who laid this egg?!?!?

Discussion in 'Chicken Behaviors and Egglaying' started by ladycluck333, Dec 31, 2014.

  1. ladycluck333

    ladycluck333 New Egg

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    every day my dominique lays a lovely brown egg 55-57 grams and a medium brown color, she is currently my best layer. my leghorn is producing 3 eggs a wk at 58-60 g and white, as is the red sexlink who was sold to me as a brown layer but makes an ivory colored egg. i imagine the poor production is due to the short winter days. any way.... today i found 2 brown eggs in the box one was the standard 56.2 g from my dom.... the other is a 77.6 g brown egg! is this egg from my dominique???? or is it from my lone cornish cross? really, im not sure exactly what she is. she was the only one there and i got her from a lady who rescues the unwanted chickens. i was told she was a cornish x and that she was really a meat bird.... but she was so precious and lonely i took her home and now i have had her for 5 months she is growing faster than the other girls did but i think foraging may have slowed her down some.... could she have laid this massive egg???? is she even a cornish x? what do you think?[​IMG]
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  2. Twistedfeather

    Twistedfeather Chillin' With My Peeps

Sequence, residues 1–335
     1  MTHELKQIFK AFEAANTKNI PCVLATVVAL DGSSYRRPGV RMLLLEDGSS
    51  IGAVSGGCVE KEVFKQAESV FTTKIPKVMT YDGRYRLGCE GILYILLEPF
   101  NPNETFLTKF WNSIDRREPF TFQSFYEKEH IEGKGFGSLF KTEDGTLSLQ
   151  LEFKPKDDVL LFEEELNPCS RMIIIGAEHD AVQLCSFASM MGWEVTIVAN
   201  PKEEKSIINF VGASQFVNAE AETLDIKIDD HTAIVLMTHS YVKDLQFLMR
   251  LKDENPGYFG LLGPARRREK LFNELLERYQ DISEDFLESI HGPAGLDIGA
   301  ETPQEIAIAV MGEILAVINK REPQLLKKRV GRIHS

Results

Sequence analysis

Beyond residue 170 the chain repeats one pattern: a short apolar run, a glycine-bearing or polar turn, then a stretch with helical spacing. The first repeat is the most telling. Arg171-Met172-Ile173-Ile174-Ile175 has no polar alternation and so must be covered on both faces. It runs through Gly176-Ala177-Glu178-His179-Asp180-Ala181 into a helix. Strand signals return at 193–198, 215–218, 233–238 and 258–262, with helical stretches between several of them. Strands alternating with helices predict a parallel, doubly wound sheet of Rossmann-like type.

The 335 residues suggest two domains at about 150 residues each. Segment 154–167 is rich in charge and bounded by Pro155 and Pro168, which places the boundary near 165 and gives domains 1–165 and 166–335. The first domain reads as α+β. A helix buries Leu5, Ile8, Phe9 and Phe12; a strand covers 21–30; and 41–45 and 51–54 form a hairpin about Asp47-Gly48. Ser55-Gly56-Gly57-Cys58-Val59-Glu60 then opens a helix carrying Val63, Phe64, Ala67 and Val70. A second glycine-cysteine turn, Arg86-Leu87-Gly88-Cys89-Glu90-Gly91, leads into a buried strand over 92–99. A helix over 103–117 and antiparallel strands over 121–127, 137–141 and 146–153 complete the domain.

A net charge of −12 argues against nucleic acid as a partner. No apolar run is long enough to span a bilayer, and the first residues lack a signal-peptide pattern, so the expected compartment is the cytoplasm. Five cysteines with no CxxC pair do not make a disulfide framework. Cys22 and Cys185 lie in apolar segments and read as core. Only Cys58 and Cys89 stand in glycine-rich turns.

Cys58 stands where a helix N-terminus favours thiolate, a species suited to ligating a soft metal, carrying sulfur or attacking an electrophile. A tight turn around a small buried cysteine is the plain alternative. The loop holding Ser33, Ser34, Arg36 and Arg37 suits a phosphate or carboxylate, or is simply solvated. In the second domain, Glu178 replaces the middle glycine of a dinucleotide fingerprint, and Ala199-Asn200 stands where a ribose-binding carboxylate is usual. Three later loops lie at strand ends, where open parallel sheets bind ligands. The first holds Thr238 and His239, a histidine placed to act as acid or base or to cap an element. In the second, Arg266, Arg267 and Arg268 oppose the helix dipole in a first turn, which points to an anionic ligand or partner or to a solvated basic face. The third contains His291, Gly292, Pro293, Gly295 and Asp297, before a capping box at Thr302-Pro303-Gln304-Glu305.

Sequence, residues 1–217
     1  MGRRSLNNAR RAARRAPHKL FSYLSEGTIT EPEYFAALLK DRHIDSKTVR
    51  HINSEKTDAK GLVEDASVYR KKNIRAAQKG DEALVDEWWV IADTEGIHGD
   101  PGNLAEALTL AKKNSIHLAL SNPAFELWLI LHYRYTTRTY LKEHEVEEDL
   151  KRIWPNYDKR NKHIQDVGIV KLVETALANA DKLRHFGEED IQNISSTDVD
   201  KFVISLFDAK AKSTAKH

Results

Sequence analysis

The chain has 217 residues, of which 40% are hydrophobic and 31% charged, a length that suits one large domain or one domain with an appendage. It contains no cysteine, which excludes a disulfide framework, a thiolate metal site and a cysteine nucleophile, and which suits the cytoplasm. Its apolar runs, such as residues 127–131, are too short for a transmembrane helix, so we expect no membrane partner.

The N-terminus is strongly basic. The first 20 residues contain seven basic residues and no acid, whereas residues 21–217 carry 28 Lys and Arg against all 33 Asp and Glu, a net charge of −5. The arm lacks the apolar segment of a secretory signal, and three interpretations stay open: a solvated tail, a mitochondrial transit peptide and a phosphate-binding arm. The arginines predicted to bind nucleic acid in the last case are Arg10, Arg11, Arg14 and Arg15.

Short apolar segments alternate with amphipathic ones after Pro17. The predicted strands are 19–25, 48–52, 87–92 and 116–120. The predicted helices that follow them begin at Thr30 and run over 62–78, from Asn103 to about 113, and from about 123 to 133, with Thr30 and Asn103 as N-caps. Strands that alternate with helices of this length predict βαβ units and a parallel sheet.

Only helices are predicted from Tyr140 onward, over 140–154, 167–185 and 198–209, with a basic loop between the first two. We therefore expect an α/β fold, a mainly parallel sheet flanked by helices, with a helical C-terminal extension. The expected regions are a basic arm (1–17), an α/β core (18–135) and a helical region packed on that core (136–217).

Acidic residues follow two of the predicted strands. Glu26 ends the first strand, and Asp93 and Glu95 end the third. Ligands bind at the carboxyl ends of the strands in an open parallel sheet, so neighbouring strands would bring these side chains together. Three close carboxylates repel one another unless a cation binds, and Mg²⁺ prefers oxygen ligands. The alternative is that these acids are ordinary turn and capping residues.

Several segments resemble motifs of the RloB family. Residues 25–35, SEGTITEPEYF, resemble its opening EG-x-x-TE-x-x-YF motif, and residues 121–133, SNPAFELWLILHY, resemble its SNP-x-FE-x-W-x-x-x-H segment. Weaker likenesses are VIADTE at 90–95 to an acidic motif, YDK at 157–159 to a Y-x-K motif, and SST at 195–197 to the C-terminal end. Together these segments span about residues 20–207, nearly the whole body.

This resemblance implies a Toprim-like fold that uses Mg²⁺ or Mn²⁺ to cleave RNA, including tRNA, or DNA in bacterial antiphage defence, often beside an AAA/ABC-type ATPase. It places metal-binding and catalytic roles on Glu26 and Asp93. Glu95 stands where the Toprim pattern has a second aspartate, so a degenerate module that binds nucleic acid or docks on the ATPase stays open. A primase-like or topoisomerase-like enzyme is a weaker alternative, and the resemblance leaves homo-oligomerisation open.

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    She's not the average Cornish X (Honestly I'd think it be less confusing if they called them Cornish Rocks more often because technically you can cross a Cornish with anything and it's still a Cornish cross.) A Cornish Rock is heavier set and white. I've seen another Cornish Crossbred like this one somewhere else. I'm starting to believe that it's infused with some sort of laying breed to improve the egg production. The Cornish side might make her fill out faster because she still is a Cornish.
     
  3. donrae

    donrae Hopelessly Addicted Premium Member

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    Your bird is not the Cornish cross meat bird, she's a white laced red Cornish. They were also known as Indian Jungle Fowl (well, the Dark Cornish were anyway). The egg is probably hers. They're not stellar layers, but are supposed to be great broody hens and good mommas. She's not going to die young like the Cornish cross meaties, she'll live a normal life like the rest of your birds.
     

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